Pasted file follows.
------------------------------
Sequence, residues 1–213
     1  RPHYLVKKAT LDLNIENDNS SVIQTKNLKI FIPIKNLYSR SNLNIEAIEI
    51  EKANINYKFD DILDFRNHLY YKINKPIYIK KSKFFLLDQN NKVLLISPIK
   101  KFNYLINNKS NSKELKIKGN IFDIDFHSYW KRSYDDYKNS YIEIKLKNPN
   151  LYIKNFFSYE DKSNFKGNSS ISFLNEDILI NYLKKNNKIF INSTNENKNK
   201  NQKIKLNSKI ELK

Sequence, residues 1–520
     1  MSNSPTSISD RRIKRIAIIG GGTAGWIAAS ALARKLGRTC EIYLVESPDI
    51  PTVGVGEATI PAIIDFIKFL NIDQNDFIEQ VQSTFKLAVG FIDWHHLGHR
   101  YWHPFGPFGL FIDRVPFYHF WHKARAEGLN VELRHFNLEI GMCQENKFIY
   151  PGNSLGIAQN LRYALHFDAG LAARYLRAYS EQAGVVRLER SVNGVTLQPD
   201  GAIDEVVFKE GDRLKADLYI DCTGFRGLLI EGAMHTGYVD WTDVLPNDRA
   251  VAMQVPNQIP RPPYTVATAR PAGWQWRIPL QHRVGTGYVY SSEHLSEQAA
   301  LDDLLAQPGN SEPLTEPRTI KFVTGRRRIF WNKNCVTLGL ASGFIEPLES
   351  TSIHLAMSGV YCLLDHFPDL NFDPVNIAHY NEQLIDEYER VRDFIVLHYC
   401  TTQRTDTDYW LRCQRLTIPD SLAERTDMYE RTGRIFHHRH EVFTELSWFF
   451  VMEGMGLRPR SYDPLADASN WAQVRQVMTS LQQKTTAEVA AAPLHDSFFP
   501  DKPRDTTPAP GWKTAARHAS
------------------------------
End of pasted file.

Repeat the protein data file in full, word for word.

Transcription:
Sequence, residues 1–213
     1  RPHYLVKKAT LDLNIENDNS SVIQTKNLKI FIPIKNLYSR SNLNIEAIEI
    51  EKANINYKFD DILDFRNHLY YKINKPIYIK KSKFFLLDQN NKVLLISPIK
   101  KFNYLINNKS NSKELKIKGN IFDIDFHSYW KRSYDDYKNS YIEIKLKNPN
   151  LYIKNFFSYE DKSNFKGNSS ISFLNEDILI NYLKKNNKIF INSTNENKNK
   201  NQKIKLNSKI ELK

Sequence, residues 1–520
     1  MSNSPTSISD RRIKRIAIIG GGTAGWIAAS ALARKLGRTC EIYLVESPDI
    51  PTVGVGEATI PAIIDFIKFL NIDQNDFIEQ VQSTFKLAVG FIDWHHLGHR
   101  YWHPFGPFGL FIDRVPFYHF WHKARAEGLN VELRHFNLEI GMCQENKFIY
   151  PGNSLGIAQN LRYALHFDAG LAARYLRAYS EQAGVVRLER SVNGVTLQPD
   201  GAIDEVVFKE GDRLKADLYI DCTGFRGLLI EGAMHTGYVD WTDVLPNDRA
   251  VAMQVPNQIP RPPYTVATAR PAGWQWRIPL QHRVGTGYVY SSEHLSEQAA
   301  LDDLLAQPGN SEPLTEPRTI KFVTGRRRIF WNKNCVTLGL ASGFIEPLES
   351  TSIHLAMSGV YCLLDHFPDL NFDPVNIAHY NEQLIDEYER VRDFIVLHYC
   401  TTQRTDTDYW LRCQRLTIPD SLAERTDMYE RTGRIFHHRH EVFTELSWFF
   451  VMEGMGLRPR SYDPLADASN WAQVRQVMTS LQQKTTAEVA AAPLHDSFFP
   501  DKPRDTTPAP GWKTAARHAS